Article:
Federal registration of a design on the Supplemental Register provides four distinct advantages to the business owner in the protection of its mark. First, questions of validity, ownership and infringement of Supplemental Registrations are governed by federal law. This advantage allows the owner of a registered mark to bring a claim of unfair competition along with the claim of infringement. Another benefit of Supplemental Registration is that the registered design can be cited against a later applicant’s attempt to register their mark on the Principle Register. Third, after five years of registration on the Supplemental Register the design is presumed to have acquired secondary meaning for registration on the Principle Register. In establishing secondary meaning, the design patent may be used as a source of protection from others using a similar design allowing the patented design the time needed to acquire secondary meaning. A unique feature of a design trademark is that it can be used to bar a valid patent holder from making his or her patented invention. Although a valid patent constitutes inventive creativity it provides no positive rights to the patent holder. The inventor will be barred from using or making the invention if the invention’s design is likely to be confused with an existing trademark as to its origin of manufacture. Finally, the registered design owner is entitled to use the R in a circle symbol of federal registration. Use of the R in a circle symbol acts as a deterrent to others contemplating use of the registered mark. The principles of dual intellectual property protection are a powerful tool for a business making design product considerations.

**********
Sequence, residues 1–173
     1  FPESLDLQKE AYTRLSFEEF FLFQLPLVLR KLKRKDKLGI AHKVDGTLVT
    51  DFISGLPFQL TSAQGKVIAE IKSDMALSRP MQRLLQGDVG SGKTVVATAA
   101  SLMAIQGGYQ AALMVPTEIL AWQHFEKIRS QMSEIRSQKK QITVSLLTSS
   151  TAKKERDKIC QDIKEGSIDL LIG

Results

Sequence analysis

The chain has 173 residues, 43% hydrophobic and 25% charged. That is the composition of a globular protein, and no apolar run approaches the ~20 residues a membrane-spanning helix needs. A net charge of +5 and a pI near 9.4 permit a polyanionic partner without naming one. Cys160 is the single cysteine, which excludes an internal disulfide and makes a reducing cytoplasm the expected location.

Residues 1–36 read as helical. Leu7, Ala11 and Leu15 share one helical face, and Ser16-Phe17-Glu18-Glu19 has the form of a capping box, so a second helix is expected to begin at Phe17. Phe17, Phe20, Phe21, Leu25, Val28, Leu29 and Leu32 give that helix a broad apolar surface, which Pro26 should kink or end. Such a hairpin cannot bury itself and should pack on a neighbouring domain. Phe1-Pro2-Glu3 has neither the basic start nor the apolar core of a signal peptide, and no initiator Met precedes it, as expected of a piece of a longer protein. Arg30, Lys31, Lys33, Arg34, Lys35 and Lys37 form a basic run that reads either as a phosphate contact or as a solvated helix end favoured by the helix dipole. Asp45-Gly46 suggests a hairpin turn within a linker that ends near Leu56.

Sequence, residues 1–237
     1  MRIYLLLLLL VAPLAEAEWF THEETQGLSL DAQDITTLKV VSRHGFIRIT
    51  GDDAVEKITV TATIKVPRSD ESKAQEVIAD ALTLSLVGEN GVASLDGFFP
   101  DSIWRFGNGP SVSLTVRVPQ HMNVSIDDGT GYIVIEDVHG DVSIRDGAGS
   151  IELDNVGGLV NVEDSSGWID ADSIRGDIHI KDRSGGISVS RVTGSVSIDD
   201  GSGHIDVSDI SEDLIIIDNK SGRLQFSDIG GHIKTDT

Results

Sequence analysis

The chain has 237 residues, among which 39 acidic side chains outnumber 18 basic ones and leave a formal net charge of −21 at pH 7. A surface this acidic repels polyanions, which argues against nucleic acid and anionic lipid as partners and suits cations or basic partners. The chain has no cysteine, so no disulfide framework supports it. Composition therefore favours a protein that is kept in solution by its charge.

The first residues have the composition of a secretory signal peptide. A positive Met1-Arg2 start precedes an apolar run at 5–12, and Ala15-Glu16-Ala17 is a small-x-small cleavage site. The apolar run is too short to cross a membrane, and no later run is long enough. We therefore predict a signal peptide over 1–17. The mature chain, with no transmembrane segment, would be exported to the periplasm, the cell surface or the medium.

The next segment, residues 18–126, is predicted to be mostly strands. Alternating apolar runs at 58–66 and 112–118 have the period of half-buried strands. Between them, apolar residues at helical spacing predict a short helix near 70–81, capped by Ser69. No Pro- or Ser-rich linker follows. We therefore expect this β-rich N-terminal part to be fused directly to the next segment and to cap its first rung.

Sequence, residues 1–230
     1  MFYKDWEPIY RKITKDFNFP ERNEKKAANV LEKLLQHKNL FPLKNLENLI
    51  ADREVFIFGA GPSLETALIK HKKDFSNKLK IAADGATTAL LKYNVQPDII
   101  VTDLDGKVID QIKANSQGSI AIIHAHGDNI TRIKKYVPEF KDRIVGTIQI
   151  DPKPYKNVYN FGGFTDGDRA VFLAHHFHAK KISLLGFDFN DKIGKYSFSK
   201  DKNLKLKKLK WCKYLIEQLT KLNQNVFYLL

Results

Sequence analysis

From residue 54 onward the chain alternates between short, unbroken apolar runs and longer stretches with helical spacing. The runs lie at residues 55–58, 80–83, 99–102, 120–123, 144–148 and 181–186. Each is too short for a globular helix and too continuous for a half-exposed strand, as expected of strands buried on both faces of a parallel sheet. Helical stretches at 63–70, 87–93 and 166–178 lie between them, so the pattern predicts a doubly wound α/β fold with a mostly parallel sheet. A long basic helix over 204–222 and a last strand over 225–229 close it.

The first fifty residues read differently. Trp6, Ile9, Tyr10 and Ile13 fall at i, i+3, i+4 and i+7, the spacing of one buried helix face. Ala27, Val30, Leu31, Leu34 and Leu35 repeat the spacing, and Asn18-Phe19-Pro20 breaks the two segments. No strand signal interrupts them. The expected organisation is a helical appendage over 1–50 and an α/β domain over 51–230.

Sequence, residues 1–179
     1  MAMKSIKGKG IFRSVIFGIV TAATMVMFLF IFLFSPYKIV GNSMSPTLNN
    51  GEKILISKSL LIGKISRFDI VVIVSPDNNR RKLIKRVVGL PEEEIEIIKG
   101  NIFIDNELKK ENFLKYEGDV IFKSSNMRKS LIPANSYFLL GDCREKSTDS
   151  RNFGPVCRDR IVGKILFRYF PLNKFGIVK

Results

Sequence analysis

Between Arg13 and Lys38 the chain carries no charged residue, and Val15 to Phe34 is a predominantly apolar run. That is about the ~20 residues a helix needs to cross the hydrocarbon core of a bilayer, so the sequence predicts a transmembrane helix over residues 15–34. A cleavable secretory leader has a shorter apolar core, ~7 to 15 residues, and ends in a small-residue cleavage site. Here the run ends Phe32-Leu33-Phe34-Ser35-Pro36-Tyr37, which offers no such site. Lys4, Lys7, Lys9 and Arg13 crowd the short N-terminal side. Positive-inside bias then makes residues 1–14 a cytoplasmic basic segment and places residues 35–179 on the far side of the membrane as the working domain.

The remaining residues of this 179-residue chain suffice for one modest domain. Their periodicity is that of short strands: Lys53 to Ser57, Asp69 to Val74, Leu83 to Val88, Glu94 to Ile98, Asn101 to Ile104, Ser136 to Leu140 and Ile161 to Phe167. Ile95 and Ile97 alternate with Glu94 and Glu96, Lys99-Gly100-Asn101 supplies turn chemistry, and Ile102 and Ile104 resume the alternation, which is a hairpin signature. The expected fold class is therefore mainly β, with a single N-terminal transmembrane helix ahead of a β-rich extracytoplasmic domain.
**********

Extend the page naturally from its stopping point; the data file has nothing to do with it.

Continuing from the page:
Patent protection does not exclude simultaneous trademark protection. Therefore, in the narrow context of a product design an individual can obtain a design patent that protects the item for 14 years during which time the trade dress of the product develops secondary meaning. At that point, trademark protection can continue to protect the design indefinitely. This coexistence of property rights is possible because the good will of the patentee survives the patent. The protection accorded each property right is separate and distinct. Examples of items having this unique dual property protection include, Volkswagen’s patent and trademark of the VW Bug configuration and an Oneida silverware design patent coupled with acquired secondary meaning.
The importance of considering dual property protection in a business’s product design cannot be overstated. Until a particular design has acquired secondary meaning worthy of trademark protection business owners should seek the broadest property protection possible. A patent offers protection for the product while allowing the design to acquire secondary meaning that identifies product with source. Combining patent and trademark rights provides long-term property protection on product design maximizing a businesses return on investment dollars. Business owners should give serious thought to the use of dual intellectual property rights to protect their product market. The success of a business tomorrow may depend on the steps taken today to protect its investment.